Sample Sidebar Module

This is a sample module published to the sidebar_top position, using the -sidebar module class suffix. There is also a sidebar_bottom position below the menu.

Sample Sidebar Module

This is a sample module published to the sidebar_bottom position, using the -sidebar module class suffix. There is also a sidebar_top position below the search.

Due diligence is a poor defence after the fact, but an excellent policy before things go wrong

One phrase is kicked around quite a bit in the world of occupational health and safety: due diligence. It has often been defined as doing “everything reasonable in the circumstances” to protect people in the workplace. And it is the standard that progressive workplaces apply to their safety management systems.

"Due diligence is the core of everything we do in health and safety,” says Jason Shiell, driver and vehicle safety manager with Hensall District Co-operative (HDC), a major farmer-owned co-op which operates a considerable fleet in addition to warehousing and distribution operations in southwestern Ontario. “We take the regulations – all the things you’ll find in the Canada Labour Code Part II – as the bare minimum of what we need, the starting point, and build up from there. The policies we end up with go far above the reg.”

As a legal concept, due diligence is somewhat of an oddity. Provincial and federal health and safety laws involve “strict liability.” This essentially means that, if a legally prohibited
action or condition took place, the charged person or company is guilty. There is no need for the Crown prosecutor to show intent to break the law, negligence, or even knowledge that the law was being broken.

But a defence of “due diligence” has been available ever since R. vs Sault Ste Marie made it to the Supreme Court of Canada in 1978, after the northern Ontario municipality was
charged because one of its contractors allowed polluted waste to enter a stream. The court ruled that a defendant could be acquitted after demonstrating “everything reasonable in the circumstances” had been done to prevent the law from being breached in the first place.

For the workplaces that are leaders in health and safety, this falls into the territory of “so what”.

“The key for us is to get people home safe at the end of the day,” says Shiell. “Nobody goes out looking for an incident. For us it’s not about dollars and cents or the bottom line. We have to look at it in terms of people.”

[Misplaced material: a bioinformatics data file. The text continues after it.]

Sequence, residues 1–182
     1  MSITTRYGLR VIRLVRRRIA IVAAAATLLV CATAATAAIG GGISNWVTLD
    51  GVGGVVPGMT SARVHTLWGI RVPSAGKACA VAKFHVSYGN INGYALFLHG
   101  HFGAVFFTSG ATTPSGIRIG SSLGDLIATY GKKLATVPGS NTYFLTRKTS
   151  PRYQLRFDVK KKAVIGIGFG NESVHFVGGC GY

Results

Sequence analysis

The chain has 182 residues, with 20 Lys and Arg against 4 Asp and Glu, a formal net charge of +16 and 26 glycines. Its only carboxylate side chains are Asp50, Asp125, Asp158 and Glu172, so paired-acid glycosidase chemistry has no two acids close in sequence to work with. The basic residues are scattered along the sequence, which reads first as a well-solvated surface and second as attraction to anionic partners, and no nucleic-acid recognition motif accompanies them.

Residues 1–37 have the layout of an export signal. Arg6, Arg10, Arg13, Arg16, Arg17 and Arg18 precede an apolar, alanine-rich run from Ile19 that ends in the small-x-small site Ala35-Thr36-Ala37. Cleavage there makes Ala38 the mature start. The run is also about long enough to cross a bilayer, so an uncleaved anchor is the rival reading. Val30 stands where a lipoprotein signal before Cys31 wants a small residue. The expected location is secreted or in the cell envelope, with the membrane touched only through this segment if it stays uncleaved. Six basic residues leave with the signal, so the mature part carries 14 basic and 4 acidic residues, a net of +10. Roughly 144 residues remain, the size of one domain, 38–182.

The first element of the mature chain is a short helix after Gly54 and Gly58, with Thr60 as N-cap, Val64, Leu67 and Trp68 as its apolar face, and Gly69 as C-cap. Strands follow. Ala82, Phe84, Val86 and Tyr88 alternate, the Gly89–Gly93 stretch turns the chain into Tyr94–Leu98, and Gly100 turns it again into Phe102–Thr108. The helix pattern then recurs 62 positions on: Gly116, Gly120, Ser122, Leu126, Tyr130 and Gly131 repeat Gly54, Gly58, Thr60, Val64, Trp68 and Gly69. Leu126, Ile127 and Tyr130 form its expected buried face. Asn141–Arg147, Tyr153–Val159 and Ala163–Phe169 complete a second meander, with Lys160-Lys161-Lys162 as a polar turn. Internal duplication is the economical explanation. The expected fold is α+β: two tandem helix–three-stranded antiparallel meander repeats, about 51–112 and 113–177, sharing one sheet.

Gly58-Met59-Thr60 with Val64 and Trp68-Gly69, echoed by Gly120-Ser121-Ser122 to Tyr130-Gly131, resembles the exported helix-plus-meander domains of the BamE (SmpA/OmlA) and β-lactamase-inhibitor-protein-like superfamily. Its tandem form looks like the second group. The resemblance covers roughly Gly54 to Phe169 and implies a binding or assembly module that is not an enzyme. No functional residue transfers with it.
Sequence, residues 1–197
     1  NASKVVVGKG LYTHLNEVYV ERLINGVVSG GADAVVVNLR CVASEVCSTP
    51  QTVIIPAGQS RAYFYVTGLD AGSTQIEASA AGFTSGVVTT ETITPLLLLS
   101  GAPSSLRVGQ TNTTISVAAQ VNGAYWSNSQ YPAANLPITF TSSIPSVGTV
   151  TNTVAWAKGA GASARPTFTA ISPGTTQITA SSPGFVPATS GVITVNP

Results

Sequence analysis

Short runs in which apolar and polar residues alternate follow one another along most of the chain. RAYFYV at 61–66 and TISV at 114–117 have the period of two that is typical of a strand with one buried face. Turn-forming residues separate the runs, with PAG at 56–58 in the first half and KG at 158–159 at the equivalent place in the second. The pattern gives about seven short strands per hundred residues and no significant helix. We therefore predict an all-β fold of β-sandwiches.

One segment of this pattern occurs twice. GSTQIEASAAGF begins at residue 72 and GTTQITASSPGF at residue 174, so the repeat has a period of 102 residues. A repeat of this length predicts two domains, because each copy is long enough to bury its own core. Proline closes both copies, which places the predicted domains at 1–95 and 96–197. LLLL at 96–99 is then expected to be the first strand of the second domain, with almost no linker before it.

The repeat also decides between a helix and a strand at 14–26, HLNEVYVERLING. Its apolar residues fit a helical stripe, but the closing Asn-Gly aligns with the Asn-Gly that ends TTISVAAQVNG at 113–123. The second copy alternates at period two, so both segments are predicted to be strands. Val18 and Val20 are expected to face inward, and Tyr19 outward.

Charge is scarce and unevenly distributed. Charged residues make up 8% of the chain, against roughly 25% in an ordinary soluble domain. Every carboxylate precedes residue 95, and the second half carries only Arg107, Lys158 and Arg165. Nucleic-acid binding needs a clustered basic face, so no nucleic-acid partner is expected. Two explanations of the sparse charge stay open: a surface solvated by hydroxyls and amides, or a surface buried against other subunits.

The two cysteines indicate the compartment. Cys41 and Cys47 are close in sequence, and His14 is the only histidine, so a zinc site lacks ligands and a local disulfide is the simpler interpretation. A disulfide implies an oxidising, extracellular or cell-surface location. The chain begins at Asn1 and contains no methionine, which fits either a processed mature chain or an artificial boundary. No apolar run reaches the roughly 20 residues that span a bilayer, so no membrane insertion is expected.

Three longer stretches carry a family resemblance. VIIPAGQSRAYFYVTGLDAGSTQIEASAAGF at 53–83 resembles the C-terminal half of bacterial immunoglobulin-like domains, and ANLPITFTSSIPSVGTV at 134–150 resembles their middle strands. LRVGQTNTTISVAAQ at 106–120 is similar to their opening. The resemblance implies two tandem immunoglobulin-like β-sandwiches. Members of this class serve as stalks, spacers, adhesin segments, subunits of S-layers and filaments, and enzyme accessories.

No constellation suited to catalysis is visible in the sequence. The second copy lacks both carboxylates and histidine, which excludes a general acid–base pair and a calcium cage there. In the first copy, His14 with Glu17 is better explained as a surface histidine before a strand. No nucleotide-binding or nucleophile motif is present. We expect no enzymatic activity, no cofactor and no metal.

Rarely mentioned in legal articles is that due diligence is only used after a serious accident, injury or fatality. Most significantly, it really doesn’t work that often in a courtroom. The time for due diligence is before anything goes wrong, before anyone gets hurt, and long before any government inspector contemplates laying charges.

“We are constantly reviewing our policies and our training,” says Shiell, who recently assumed his role in the fleet.

While overall claims in material handling and distribution are down across the board over the last 10 or 15 years, there are still large shares of hard-to-control musculoskeletal injuries involving slips, trips and falls, strains, sprains and over-exertion. This may actually reflect successful efforts to identify and control risks in other areas.

For HDC, due diligence means “constantly being on the lookout,” says Shiell. “Every policy is looked at every year, reviewed from top to bottom. And we reassess every risk we have identified.” One such risk recently consisted of avoiding a classic health-and-safety trap: replacing one hazard with another. His fleet replaced Liquefied Petroleum Gas (LPG) lift trucks with electric models, partly to eliminate a potential ignition source in buildings that were filled with the dust created by handling bulk crops. But this introduced a new list of potential hazards. The maintenance of charging stations and batteries had to be addressed.

“We had the manufacturer of the lift trucks come in and do training with us,” says Shiell.

The key issue in lift truck safety is preventing the rollovers that, across North America, still account for 40% of fatal lift truck accidents. “Seatbelts are mandatory,” says Shiell. Compliance is not an issue for HDC, mostly because of the nature of the work. “Our operators are basically in the seat from start of shift throughout the day, except for breaks.” It may be more difficult in operations where order picking or other types of work require operators to be constantly in and out of the lift truck.